A photo of Nikita Lalwani, author of You People, side-by-side with the interview title, 21 Questions, on a red and grayscale background.
A photo of Nikita Lalwani, author of You People, side-by-side with the interview title, 21 Questions, on a red and grayscale background.

Over her first three novels, author Nikita Lalwani has already established the kind of literary reputation it sometimes takes a lifetime to build: her novels (including her Booker Prize-longlisted debut) are characterised by a tender, nuanced take on the global world we now live in, one that illuminates its bright spots without glossing over its more hostile aspects.

Her latest, You People, tells the story of a London pizzeria where the proprietor, Tuli, a local bastion of community and humanity, finds himself at the centre of a grave moral dilemma. Painted in vivid colour, and with her usual wit and compassion, it’s a must-read.

This week, with the book seeing its first paperback release, we got in touch with Nikita to ask her our 21 Questions; below, she discusses her first literary love, the genius of James Baldwin, and getting caught with her hands in the wrong fridge.

Which writer do you most admire and why?

For non-fiction it would be James Baldwin. His essays contain such a perfect, true distillation of feeling that you can often open them at random, on any page and get something nutritious. For fiction, someone like Doris Lessing – she marries an innate understanding of human motivation with the complicated desire to do better, be better, in the world.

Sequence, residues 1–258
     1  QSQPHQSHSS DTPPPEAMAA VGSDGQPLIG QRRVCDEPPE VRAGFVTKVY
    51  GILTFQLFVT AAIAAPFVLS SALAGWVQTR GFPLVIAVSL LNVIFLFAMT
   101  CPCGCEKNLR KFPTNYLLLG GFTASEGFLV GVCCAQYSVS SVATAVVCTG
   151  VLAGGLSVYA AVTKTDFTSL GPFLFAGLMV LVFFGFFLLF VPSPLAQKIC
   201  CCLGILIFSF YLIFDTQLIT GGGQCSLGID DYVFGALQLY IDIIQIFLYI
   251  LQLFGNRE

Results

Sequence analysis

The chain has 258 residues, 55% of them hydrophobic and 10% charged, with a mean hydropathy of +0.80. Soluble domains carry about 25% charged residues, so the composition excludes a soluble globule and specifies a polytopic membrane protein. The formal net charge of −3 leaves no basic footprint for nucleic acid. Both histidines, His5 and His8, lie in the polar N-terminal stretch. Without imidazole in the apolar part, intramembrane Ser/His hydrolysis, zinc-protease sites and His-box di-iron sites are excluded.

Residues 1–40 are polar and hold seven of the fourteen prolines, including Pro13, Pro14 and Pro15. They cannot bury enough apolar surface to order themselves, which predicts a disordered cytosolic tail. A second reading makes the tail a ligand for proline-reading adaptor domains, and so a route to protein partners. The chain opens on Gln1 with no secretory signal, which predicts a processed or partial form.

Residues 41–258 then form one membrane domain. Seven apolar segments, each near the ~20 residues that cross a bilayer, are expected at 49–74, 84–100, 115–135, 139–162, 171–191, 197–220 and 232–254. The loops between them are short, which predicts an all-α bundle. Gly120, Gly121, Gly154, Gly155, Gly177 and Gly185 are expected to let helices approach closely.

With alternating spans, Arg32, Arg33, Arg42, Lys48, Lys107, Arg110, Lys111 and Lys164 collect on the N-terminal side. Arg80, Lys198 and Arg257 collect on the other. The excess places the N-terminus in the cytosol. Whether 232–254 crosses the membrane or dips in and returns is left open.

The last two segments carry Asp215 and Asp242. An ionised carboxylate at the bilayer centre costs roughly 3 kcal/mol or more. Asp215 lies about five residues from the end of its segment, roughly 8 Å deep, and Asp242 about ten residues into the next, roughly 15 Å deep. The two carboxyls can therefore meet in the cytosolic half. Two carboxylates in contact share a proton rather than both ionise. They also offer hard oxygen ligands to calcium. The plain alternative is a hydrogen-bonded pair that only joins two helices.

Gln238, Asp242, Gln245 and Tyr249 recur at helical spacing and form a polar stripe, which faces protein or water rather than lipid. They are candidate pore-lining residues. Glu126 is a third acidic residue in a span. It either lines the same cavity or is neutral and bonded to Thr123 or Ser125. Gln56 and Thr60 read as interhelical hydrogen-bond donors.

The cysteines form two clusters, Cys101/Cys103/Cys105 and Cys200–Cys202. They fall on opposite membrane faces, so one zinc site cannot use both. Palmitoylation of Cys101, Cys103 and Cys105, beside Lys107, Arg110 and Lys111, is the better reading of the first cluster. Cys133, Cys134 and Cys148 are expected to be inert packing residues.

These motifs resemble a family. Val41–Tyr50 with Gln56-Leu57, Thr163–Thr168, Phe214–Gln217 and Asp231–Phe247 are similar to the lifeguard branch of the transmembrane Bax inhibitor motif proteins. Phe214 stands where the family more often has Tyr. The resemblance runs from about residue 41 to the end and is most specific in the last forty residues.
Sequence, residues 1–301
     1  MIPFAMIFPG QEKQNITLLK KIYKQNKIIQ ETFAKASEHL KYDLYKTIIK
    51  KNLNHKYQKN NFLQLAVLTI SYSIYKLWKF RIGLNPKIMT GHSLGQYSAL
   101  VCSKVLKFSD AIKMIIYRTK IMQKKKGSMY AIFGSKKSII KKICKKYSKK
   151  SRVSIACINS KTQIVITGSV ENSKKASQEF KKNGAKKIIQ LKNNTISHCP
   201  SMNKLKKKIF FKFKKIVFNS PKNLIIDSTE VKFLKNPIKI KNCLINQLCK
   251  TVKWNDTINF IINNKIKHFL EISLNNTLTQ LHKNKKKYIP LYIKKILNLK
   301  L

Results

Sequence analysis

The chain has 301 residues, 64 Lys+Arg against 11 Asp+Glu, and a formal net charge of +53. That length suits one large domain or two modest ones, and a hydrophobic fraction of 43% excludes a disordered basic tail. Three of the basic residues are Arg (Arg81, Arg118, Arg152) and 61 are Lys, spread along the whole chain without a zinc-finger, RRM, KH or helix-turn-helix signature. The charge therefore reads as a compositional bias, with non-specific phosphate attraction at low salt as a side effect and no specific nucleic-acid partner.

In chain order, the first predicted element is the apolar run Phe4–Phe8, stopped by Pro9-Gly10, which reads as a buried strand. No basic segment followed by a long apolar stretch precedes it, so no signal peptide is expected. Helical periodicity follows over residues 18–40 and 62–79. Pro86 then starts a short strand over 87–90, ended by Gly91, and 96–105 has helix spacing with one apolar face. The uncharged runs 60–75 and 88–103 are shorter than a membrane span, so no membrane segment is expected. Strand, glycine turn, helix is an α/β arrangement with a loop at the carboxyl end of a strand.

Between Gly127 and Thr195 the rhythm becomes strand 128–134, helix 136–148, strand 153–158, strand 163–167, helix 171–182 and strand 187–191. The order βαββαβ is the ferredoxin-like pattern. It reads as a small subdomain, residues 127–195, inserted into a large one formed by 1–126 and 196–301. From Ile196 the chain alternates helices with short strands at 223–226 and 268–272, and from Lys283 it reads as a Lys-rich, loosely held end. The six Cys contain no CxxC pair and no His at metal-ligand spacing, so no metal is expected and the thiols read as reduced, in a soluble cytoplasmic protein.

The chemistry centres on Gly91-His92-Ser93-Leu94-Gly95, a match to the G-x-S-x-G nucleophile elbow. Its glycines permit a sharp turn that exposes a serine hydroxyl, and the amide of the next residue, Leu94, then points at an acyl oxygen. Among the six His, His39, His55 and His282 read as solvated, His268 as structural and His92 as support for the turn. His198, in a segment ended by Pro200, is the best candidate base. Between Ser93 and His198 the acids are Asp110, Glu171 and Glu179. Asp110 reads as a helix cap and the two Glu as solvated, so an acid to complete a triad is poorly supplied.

What was the first book you remember loving as a child?

Probably the whole The Borrowers series by Mary Norton. I’ve also got a memory of going to bed dreaming of all the cider in Fantastic Mr Fox, imagining myself drinking that alluring fizzy apple juice and roaming those fields at night.

What was your favourite book when you were a teenager?

Midnight’s Children, aged 14-15. It was a game-changer: partly outside my understanding, but somehow tantalising, almost within reach. I returned to it over and over again, semi-believing in the supernatural elements, laughing at the wordplay, the obscenities, the melodrama. It was just a sheer joy.

Tell us about a book that changed your life’s path

I’ll Go to Bed at Noon by Gerard Woodward. It’s a big influence on my first novel, Gifted. I was being tutored by Woodward on my MA in Creative Writing, and in that book I saw how you might portray family life – warts and all – and how mischief could be an animating force in prose, how dysfunction can be simultaneously comic and brutal.

What’s the strangest job you’ve had outside being an author?

I once had to measure the size of rooms in a university building as a student, when I was 19 years old, then enter them in a database on the laptop I carried from room to room. It was incredibly boring, and most of the rooms were empty so I gradually got into looking at all the family photos on the desks and trying to imagine the lives of the academics or other staff who inhabited the rooms.